The Earth in Context

The Earth in Context : A Guide to the Solar System

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Description

The Earth in Context: A Guide to the Solar System tells a tale of scientific discovery, with two interwoven strands - one tracing the development of understanding the Earth's geological history, and the other placing this in the context of processes at work on the other planets of the solar system. Although planetology is assigned half of the text, the primary focus of the book is the Earth. It is discussed in two parts, the first summing up our knowledge of the Earth as it is today and the other considering it as it was long ago.
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Product details

  • Paperback | 470 pages
  • 170 x 244 x 30.48mm | 1,020g
  • England, United Kingdom
  • English
  • 2001 ed.
  • XXVI, 470 p.
  • 1852333758
  • 9781852333751

Table of contents

List of figures.- List of tables.- Foreword.- Acknowledgements.- Author's Preface.- Origin of the Solar System.- Discovering the Earth.- The Lure of the Moon.- The Red Planet.- Mysterious Venus.- Ancient Mercury.- Precambrian Earth.- Giant Jupiter.- Saturn's retinue.- Planets Beyond.- Life and Death.- Appendix 1: Planetary data.- Appendix 2: Space missions.- Glossary.- Index.
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Review Text

From the reviews of the first edition:

"This book is a very comprehensive examination of all of the planets and main planetary moons of the Solar System with an emphasis on internal structure. ... the book is a very good starting point for anyone interested in the study of the solar system and in particular to geologists with such an interest." (Emlyn Jones, Astrology & Space, August, 2003)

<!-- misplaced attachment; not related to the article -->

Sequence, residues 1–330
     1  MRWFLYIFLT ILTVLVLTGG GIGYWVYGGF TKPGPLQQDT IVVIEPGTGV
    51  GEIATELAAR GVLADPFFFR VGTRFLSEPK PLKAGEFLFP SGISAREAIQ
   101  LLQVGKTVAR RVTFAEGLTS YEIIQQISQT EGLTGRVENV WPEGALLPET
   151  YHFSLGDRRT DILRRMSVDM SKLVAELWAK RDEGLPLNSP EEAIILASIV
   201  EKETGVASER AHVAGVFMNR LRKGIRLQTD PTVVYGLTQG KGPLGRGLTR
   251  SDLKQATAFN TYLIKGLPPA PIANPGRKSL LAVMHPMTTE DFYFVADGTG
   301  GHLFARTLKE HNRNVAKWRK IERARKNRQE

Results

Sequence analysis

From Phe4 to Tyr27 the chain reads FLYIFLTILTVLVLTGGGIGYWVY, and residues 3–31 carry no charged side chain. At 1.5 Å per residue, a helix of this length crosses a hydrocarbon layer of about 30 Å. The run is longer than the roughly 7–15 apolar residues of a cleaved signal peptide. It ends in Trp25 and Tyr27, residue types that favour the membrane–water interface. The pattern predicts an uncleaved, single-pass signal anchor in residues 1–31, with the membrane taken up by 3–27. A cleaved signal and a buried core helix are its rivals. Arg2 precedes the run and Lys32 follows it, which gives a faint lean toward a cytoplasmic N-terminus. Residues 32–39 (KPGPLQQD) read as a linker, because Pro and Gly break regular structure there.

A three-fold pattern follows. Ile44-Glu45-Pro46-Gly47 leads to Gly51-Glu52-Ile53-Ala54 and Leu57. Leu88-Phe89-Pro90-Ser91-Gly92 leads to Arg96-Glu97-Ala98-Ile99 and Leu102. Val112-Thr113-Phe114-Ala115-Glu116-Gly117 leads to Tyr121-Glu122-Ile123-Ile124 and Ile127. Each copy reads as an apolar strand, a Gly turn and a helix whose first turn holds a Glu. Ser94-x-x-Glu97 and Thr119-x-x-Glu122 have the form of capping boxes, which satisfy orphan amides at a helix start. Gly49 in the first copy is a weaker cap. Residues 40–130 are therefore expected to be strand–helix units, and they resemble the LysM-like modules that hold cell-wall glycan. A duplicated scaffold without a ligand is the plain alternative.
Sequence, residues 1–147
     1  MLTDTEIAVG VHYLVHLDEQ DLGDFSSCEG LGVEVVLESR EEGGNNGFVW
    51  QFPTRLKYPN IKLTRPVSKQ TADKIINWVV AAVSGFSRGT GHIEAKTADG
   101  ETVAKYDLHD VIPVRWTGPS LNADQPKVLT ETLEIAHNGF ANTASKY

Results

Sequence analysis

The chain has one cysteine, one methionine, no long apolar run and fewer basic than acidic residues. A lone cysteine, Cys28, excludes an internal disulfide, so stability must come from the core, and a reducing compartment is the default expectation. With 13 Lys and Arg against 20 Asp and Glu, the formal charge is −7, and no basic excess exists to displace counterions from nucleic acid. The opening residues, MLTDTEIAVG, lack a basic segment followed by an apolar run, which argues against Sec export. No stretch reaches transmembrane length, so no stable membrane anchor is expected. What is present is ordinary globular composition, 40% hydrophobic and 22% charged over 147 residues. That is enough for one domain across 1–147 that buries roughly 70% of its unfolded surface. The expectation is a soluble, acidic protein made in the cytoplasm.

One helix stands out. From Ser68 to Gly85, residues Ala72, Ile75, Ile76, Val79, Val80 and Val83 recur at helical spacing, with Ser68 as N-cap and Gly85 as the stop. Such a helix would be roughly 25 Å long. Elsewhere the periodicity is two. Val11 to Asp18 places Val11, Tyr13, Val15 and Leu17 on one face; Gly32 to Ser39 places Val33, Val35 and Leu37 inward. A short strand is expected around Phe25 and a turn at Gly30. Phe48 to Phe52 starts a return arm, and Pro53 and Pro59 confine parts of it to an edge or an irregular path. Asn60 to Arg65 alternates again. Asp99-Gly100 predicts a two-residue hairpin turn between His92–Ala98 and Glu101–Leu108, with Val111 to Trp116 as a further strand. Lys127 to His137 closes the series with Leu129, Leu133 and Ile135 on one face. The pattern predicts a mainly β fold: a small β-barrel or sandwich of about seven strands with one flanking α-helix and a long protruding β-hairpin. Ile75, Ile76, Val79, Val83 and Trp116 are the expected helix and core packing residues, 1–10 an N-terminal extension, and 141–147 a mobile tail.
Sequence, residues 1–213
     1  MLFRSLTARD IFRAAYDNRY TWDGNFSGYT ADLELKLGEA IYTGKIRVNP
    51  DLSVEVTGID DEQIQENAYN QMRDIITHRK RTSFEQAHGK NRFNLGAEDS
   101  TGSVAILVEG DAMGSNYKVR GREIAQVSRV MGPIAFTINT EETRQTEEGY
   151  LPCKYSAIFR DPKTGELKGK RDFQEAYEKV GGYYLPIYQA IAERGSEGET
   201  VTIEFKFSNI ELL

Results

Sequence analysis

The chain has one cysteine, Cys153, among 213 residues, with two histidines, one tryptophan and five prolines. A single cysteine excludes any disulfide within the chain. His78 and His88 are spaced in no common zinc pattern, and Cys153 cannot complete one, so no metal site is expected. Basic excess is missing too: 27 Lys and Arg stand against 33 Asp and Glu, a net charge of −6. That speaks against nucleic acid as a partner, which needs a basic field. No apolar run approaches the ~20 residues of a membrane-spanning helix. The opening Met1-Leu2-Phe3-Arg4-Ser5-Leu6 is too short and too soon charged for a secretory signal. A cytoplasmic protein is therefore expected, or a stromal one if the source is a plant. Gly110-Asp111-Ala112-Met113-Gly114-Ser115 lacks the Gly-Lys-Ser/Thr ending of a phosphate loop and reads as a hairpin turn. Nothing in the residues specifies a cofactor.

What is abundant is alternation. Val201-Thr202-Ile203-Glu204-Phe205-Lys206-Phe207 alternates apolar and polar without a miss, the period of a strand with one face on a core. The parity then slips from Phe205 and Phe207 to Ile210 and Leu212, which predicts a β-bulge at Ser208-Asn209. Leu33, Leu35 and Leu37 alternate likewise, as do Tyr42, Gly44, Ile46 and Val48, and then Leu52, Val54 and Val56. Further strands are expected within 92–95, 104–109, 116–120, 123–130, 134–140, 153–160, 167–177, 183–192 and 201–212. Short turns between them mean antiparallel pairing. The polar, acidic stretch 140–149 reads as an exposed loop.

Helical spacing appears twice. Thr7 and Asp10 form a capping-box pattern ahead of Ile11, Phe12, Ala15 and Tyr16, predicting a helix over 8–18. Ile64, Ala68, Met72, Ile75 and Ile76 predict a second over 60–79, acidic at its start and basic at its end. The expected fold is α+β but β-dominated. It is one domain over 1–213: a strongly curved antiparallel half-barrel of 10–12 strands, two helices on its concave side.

"David Harland is well known for his previous books ... . Those books were very popular due to their well-written and well-illustrated text, and this one is no different in those respects. ... The main readership to benefit from this book might be first-year undergraduates with an interest in planetary science ... . The main attraction of this book is the way it is written. It is extremely easy to read, making the progress of assimilating information a pleasure ... ." (Sarah Dunkin, The Observatory, Vol. 123 (1173), 2003)
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Review quote

From the reviews of the first edition:





"This book is a very comprehensive examination of all of the planets and main planetary moons of the Solar System with an emphasis on internal structure. ... the book is a very good starting point for anyone interested in the study of the solar system and in particular to geologists with such an interest." (Emlyn Jones, Astrology & Space, August, 2003)


"David Harland is well known for his previous books ... . Those books were very popular due to their well-written and well-illustrated text, and this one is no different in those respects. ... The main readership to benefit from this book might be first-year undergraduates with an interest in planetary science ... . The main attraction of this book is the way it is written. It is extremely easy to read, making the progress of assimilating information a pleasure ... ." (Sarah Dunkin, The Observatory, Vol. 123 (1173), 2003)
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